A hydrogenated recycle solvent stream is recovered from hydrogenation zone 38 and recycled to mixing zone 12 for slurrying of more coal from line 10, as heretofore described.
The following examples illustrate the increase in yield obtained on liquefying the coal slurries in accordance with this invention.
Example 1 Base case: coal liquefaction without halogen or quinone carbon radical scavenger.-Three 20-ml. stainless steel tubing bombs were charged with a slurry of Illinois No. 6 coal in Tetralin at a solvent-to-coal ratio of 1.2:1. The bombs were agitated at 2 c.p.s. for 5 hours in a fluidized sandbath heated to 750 F. The liquid product recovered from the bombs had benzene conversions of 81.0, 82.0 and 82.7 weight percent (MAF coal), the average conversion value being 81.9 weight percent.
Coal liquefaction with a halogen or quinone carbon radical scavenger present.--'Under the same reaction conditions as those used in the Base case, two of the bombs were charged with slurries of Illinois No. 6 coal in Tetralin at a 12:1 solvent-to-coal ratio. One charge contained, in addition, 1 weight percent iodine, based on the total slurry weight; the other charge included 1 weight percent, on the total slurry, of -benzoquinone. After reacting the charge for 5 hours at 750 F., the liquid recovered from the bomb containing iodine had a benzene conversion of 86.9 weight percent (MAF coal) and that from the bomb containing -benzoquinone had a benzene conversion of 88.8 weight percent (MAF coal). The comparative results are set forth in Table IV.
TABLE IV Benzene conversion,
Run: wt. percent MAF coal No inhibitor 81.9 Iodine 86.9 p-Benzoquinone 88.8
Run 1: Iodine-Two of the bombs used in Example 1 were charged with the base slurry used in Example 1, the slurry in one bomb also containing 0.5 weight percent of iodine on the total slurry. The bombs were agitated for 1 hour at 2 c.p.s. in a fluidized sandbath at a temperature of 875 F. On analysis, the liquid from the base case bomb had a benzene conversion of 79.4 weight percent (MAF coal), while that from the bomb having the iodine had a benzene conversion of 88.2 weight percent (MAF coal), evidencing an increased yield of 8.8 weight percent benzene soluble liquids.
Run 2: -Benzoquinone.-'Ihe base slurry was charged to two bombs, one of the slurries containing 0.1 weight percent of p-benzoquinone, on the total slurry. After reacting the slurries in the bombs for 1 hour at 875 F., the base case slurry was found to have a benzene conversion of 80.2 weight percent (MAF coal) but the slurry with the p-benzoquinone had a benzene conversion of 90.6 weight percent (MAF coal), an increase in conversion of 10.4 weight percent.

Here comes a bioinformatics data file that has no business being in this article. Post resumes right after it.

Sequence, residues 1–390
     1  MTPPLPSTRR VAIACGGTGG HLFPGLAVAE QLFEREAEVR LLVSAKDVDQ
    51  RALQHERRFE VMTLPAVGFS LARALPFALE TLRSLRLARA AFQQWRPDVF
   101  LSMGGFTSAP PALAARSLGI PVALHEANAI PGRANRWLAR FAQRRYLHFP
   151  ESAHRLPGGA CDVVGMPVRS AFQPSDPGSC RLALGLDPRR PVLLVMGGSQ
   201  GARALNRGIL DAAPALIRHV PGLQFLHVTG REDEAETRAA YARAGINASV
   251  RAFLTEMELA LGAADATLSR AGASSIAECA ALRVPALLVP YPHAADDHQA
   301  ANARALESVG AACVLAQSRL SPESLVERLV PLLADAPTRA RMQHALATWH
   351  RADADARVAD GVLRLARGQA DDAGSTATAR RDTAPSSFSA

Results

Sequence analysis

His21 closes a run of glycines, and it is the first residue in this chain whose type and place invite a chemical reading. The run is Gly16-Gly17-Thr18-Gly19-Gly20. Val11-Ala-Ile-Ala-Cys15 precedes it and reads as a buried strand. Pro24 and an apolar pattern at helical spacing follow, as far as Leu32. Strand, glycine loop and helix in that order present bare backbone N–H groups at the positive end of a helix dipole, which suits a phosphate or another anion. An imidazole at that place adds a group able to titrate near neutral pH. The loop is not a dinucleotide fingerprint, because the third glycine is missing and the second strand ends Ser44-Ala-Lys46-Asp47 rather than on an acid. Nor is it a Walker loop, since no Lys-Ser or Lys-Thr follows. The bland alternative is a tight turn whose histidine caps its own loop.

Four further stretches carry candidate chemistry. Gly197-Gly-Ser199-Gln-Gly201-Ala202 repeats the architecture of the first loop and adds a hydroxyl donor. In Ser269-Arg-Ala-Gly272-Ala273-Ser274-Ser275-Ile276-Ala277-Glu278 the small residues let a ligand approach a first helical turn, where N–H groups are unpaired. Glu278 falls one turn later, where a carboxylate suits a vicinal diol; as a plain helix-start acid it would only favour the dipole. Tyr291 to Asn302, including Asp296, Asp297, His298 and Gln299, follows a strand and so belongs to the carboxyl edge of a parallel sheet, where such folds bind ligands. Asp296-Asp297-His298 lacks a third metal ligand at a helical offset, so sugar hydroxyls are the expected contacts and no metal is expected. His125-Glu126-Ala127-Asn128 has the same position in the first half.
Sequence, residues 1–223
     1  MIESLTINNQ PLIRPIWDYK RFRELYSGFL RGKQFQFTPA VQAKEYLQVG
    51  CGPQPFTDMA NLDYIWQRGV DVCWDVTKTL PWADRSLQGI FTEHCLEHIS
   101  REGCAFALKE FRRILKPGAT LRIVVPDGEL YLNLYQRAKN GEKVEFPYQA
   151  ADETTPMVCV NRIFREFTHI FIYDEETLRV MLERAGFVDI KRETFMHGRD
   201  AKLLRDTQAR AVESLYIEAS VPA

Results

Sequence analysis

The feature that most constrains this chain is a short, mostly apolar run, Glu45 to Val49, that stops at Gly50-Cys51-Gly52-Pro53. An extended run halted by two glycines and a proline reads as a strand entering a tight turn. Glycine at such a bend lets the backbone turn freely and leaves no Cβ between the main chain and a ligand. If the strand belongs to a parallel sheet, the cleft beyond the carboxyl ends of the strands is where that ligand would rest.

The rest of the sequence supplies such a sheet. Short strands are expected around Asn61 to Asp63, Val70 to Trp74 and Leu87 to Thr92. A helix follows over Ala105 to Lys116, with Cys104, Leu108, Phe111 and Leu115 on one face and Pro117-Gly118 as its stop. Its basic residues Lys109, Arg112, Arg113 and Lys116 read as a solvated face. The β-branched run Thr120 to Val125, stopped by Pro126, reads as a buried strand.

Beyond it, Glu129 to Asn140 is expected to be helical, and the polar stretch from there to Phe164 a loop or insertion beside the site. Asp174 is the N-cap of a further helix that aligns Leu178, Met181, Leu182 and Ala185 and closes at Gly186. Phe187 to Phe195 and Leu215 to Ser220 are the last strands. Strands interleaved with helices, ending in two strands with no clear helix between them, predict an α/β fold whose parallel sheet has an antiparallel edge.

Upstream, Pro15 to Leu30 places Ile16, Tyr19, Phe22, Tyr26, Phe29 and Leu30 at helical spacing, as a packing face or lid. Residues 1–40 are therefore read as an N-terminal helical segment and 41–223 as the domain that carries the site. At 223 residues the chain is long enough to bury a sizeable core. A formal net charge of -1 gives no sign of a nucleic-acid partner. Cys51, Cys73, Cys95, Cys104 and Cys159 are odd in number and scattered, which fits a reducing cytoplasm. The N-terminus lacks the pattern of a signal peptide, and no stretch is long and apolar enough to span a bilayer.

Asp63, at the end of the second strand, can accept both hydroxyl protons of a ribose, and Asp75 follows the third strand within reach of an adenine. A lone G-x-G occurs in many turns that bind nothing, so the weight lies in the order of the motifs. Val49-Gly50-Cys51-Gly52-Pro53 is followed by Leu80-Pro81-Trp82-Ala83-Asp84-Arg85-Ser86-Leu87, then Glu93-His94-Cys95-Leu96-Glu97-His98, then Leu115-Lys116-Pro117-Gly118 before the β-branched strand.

Run 3: -Benzoquinone.Run 2 was repeated except that 0.05 Weight percent on the total slurry -benzoquinone was used, instead of 0.1 weight percent, and the reaction was carried out for one-half hour instead of 1 hour. The liquid from the base case bomb showed a benzene conversion of 73.4 weight percent (MAF coal) while that from the other bomb had a 80.9 weight percent (MAF coal) 3. The process of claim 2 in which said carbon radical scavenger is present in amounts of from about 0.01 to about 5 Weight percent based on said slurry.
4. The process of claim 2 in which said quinone is selected from quinone derivatives of a monoor a polynuclear aromatic compound, or a mixture thereof, present in said coal liquids.
5. The process of claim 2 in which said quinone is selected from p-benzoquinone, naphthoquinones, anthraquinones, phenanthrenequinones, and mixtures of two or more thereof.
6. The process of claim 2 in which said quinone is introduced into said liquefaction zone in oxidized coal liquids boiling within the range from about 500 F. to about 1000" F.
7. The process of claim 6 in which said oxidized coal liquids boil from about 700 F. to about 1000 F.
8. A process for liquefying coal, which comprises: passing a slurryof coal in a hydrogen-donor solvent at a slurry. 0 solvent-to-coal ratio of from about 0.8:1 to about 2:1 The results of Runs 1-3 are summarized in Table V. through a liquefaction zone at a temperature of from TABLE v Wt. Yield Run percent Time, Temp., benzene conv. Yield, No. Inhibitor inhibitor hours F.) (wt. percent) increase 13--.-.. Iodine 0.5 1 875 88. 8'8 1b- 1 875 79.4 grain... p Benzoqulnone 0. 1 i 10 4 it;311:-31iff13iffi3i3333:: -3195. 3:2 3?? 33:3 15